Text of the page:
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Friday, April 12, 2024

Thrill-Ride Thursday

Gosh, we thought we were pretty clever yesterday!

We weren't buying into the afternoon rally and I had predicted the day would finish at 7,850 in my 1:08 alert to members and, at 2:59, with the Dow up at 8,004 I reminded members: "That was a gift for taking out putters ahead of tomorrow’s data – I hope you guys took advantage of it!"  We promptly dropped another 125 points from there and we thought we had played it perfectly into today's unemployment data yet now, at 6:45 am, the futures have made an AMAZING recovery, jumping more than 1% since the close.

We expected good news from AAPL so that can't be it (could it?) and  we played them the way we played GOOG, selling front-month premium looking for not much of a move over $125.  It's a long way to the open and I probably should ignore the pre-markets entirely but do they really believe in Asia and Europe that the US is going to pop 75 points at the open just because AAPL is still the best consumer product company on Earth?  More to the point, have our memories gotten so short that GM defaulting on a $1Bn payment and the carnage that may cause in the banking sector is already water under the bridge just 90 market minutes after we found out?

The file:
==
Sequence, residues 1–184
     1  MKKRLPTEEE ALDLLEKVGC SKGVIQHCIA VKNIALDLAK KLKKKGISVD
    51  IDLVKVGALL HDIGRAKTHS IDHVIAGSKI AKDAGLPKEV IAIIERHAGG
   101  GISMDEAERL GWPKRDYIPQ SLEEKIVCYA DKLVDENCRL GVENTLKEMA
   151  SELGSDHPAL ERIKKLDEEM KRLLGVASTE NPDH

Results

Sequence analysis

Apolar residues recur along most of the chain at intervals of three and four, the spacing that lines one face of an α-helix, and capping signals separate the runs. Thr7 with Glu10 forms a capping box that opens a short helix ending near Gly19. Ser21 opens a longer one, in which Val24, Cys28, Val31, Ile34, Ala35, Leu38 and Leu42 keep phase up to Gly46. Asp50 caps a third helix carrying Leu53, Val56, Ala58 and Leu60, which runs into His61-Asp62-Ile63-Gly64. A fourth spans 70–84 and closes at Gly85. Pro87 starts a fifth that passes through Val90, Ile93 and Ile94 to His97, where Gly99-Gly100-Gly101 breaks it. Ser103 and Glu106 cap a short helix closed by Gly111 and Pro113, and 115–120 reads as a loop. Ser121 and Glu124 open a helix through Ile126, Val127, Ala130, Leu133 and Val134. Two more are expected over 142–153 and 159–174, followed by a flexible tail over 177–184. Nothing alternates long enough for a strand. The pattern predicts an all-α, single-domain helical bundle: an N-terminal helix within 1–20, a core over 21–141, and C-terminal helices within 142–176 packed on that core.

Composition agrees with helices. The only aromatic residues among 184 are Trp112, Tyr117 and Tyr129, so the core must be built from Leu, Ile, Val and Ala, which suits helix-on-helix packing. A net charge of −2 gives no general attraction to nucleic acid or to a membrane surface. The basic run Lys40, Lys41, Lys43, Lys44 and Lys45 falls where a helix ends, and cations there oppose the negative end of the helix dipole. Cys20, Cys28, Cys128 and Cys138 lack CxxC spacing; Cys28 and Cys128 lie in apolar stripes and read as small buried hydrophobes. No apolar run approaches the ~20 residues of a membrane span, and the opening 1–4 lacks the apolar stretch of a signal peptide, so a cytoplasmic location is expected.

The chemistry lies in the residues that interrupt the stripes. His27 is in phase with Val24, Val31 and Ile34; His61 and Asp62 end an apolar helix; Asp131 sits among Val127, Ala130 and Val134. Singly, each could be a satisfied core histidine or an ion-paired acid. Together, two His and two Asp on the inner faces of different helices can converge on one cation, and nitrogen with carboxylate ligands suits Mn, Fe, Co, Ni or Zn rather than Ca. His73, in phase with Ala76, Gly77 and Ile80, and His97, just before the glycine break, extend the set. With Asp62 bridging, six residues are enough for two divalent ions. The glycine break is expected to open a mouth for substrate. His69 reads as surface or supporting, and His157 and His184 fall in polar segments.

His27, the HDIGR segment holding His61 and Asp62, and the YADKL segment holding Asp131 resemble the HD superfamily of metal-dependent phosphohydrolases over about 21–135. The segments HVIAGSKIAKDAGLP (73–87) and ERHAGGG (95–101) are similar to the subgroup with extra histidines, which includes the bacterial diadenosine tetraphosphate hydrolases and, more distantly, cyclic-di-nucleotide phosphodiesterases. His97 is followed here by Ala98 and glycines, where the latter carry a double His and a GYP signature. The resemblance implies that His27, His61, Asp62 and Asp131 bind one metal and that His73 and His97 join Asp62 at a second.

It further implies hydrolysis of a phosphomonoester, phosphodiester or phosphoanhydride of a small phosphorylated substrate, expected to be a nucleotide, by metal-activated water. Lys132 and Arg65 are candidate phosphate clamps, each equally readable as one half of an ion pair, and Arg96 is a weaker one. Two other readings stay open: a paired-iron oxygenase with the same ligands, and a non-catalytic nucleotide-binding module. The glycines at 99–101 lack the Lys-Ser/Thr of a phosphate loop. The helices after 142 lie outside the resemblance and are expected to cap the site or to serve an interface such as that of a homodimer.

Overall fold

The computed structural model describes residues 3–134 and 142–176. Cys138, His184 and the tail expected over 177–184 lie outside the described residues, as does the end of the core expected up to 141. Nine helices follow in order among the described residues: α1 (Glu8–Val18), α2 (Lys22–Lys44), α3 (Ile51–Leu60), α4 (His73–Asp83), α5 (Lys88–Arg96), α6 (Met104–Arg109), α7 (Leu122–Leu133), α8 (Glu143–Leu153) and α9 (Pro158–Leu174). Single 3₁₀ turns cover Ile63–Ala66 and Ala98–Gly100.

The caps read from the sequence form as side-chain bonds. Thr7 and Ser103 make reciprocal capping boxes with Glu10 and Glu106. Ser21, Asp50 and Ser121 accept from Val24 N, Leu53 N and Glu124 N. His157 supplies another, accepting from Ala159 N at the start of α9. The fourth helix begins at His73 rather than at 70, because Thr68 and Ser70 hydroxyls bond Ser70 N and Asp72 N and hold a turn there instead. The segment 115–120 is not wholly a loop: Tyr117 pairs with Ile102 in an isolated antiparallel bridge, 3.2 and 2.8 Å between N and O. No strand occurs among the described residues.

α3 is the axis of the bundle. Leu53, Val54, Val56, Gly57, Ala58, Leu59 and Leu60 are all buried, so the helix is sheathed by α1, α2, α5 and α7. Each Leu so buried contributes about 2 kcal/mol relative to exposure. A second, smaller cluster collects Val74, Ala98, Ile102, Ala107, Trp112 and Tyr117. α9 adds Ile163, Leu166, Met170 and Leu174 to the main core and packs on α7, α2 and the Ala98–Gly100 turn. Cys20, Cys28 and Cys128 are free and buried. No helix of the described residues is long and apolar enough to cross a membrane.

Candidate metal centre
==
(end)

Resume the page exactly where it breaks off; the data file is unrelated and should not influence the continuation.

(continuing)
See, this is the kind of trouble thinking leads to.  I will just take my own advice and watch our levels and trade accordingly.  Fortunately, we are 1/2 covered on our long puts with DIA $79 puts at the moment so it's very easy for us to fully cover and flip more bullish, that's they whole idea of using a flexible cover system like this.  Our reason for being slightly bearish into the close was mainly the Unemployment Data at 8:30, once we get past that – IF the markets hold – we would be willing to join the party.